The Australian Government Information Management Office (AGIMO), has raised legal and contractual issues as key concerns in government adoption of cloud computing.
The office has released a consultation draft, "Cloud Computing Strategic Direction Paper, Opportunities and applicability for use by Australian Government", and has invited comment on the document.
Even though the document states that “the legal/contractual, economic and security aspects of cloud computing are still relatively immature”, AGIMO’s paper offers relatively little discussion of the legal aspects that raise its concerns.
The office shows much greater enthusiasm for the operational and financial benefits to be had out of cloud computing. The legal concerns the paper does identify include information discovery; compliance with the Privacy Act and Archives Act; jurisdictional issues; and SLAs.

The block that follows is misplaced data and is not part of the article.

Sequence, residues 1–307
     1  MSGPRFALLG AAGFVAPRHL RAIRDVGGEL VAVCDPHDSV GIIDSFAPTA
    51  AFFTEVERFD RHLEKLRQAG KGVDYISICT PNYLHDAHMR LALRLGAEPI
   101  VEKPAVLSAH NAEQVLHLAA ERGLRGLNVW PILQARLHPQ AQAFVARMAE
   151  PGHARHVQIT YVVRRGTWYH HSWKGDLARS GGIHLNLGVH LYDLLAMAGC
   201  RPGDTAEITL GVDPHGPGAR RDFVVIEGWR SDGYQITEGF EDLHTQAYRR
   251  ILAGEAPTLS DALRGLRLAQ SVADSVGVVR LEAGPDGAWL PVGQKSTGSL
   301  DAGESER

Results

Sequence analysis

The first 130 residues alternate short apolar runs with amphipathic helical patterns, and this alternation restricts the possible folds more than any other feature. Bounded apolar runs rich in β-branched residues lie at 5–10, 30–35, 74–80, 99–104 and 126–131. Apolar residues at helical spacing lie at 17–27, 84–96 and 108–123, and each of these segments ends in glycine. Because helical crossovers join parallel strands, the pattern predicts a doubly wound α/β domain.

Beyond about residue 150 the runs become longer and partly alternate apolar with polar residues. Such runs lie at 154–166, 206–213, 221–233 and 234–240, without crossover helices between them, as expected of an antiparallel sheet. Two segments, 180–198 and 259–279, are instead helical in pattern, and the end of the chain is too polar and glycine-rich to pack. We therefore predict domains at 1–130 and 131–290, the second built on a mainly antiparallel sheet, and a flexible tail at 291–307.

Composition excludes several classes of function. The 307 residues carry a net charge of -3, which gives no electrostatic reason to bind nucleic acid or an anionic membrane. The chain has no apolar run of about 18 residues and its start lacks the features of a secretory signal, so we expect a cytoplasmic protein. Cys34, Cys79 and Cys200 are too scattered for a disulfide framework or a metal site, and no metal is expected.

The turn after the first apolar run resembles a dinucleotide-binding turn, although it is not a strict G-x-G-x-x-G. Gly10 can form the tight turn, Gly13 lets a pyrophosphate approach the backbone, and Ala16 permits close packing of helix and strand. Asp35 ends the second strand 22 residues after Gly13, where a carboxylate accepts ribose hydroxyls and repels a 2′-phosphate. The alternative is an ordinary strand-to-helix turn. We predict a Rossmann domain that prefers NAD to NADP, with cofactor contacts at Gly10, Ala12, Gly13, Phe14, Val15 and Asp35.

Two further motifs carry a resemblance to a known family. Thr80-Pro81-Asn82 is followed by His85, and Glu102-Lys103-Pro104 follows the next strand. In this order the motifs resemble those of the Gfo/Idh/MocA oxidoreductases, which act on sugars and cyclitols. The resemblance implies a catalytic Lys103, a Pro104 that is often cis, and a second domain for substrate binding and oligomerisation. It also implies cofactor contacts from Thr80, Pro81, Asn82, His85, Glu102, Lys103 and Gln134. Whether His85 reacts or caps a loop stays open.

Laws in other countries are identified as a concern, “[for] example, the US Government’s Patriot Act may become a key concern for data stored in the cloud and located within the United States”.
With little legal precedent about responsibilities for cloud services, AGIMO says responsibilities need to be spelled out in SLAs. With government spending $4.3bn annually on IT – a National Broadband Network every 10 years – cloud architectures are seen as offering an opportunity to cut the costs of government computing.
The AGIMO discussion paper is here. ®